JOHANNESBURG, South-Africa, January 16, 2014/African Press Organization (APO)/ – IFC, a member of the World Bank Group, signed two grant agreements with MicroEnsure Ltd, valued at about $650,000 combined, to increase the supply of index-based weather insurance to small-scale farmers in Rwanda and Zambia to help mitigate the adverse effects of climate change and to strengthen food security.
The grants were issued by the Global Index Insurance Facility (GIIF), a multi-donor trust fund financed by the European Union, Japan and the Netherlands, and implemented by IFC and the World Bank.
Richard Leftley, CEO MicroEnsure and MicroEnsure Asia, said “As a pioneer in the provision of weather index insurance to smallholders since 2004 we have seen the impact that these products have in unlocking credit to fund inputs, resulting in a dramatic increase in yields and rural income. Our on-going relationship with the team at IFC has been central to our growth in this sector.”
Agricultural land in Rwanda and Zambia is largely rain-fed and certain regions are vulnerable to drought and excess rain. To limit their losses due to extreme weather, smallholder farmers make minimal investments into their land, leading to reduced yields and continued food insecurity.
Traditional indemnity-based agricultural insurance has seen little success due to high transaction costs and premiums. Index-based insurance, which pays out benefits on the basis of weather data without costly field verification of losses, is a more efficient risk management tool. Supported by the GIIF grants, MicroEnsure is expected to offer index-based insurance to an additional 90,000 small-scale farmers in Rwanda within two years and 15,000 small-scale farmers in Zambia within one year.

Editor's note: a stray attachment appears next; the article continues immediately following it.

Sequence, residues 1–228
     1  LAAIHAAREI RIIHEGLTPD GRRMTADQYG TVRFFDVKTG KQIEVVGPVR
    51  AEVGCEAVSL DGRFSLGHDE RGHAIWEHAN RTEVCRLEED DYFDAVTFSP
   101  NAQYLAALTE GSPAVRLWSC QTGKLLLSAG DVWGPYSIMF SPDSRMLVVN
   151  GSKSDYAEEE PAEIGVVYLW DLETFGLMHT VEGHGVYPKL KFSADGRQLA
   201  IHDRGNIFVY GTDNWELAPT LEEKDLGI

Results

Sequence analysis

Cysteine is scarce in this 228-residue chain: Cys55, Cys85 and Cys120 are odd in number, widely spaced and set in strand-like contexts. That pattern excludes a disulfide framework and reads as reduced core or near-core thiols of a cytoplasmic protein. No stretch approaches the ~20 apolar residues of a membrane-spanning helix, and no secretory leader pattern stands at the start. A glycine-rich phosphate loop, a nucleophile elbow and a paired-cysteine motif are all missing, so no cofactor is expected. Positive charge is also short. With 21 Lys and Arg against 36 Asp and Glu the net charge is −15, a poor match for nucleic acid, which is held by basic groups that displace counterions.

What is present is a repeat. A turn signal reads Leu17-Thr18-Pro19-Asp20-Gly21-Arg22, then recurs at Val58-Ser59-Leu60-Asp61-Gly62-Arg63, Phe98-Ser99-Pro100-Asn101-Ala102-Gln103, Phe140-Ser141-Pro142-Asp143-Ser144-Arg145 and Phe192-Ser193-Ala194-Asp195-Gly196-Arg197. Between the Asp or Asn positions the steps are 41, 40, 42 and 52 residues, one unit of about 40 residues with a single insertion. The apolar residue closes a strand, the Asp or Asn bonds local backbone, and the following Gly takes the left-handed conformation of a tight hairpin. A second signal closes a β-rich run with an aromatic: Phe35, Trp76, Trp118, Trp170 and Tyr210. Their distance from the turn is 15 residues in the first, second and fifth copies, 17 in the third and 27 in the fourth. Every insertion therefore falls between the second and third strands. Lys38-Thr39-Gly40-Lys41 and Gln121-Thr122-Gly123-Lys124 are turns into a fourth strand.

Gilles Galludec, IFC GIIF program manager, said “There is great potential for index insurance to strengthen economic security for smallholder farmers in Rwanda and Zambia while also serving to further the development of sustainable insurance markets in both countries. A reduction in weather-related risks also stimulates investment in farming by making it viable for financial institutions and agribusinesses to extend credit to smallholder farmers for long-term investment in the land. Index-based insurance is a powerful tool in the fight against poverty.”
Headquartered in the UK, with a regional base in Nairobi and country operations across Africa and Asia, MicroEnsure works with mobile network operators, banks, microfinance institutions, and other aggregators to provide insurance for the mass market. MicroEnsure has been operating since
2002 and its shareholders include IFC, Omidyar Network, Opportunity International and members of management. The company has twice been awarded the Financial Times/IFC Sustainable Finance Award.
Launched in Africa in 2009, the Global Index Insurance Facility is a multi-donor trust fund financed by the European Union, Japan and the Netherlands and implemented by IFC and the World Bank. GIIF supports the development and growth of local markets for indexed/catastrophic insurance in developing countries, primarily in Sub-Saharan Africa, Latin America and the Caribbean, South Asia and Southeast Asia. GIIF’s objective is to expand the use of index insurance as a risk management tool in agriculture, food security and disaster risk reduction.
International Finance Corporation (IFC) – The World Bank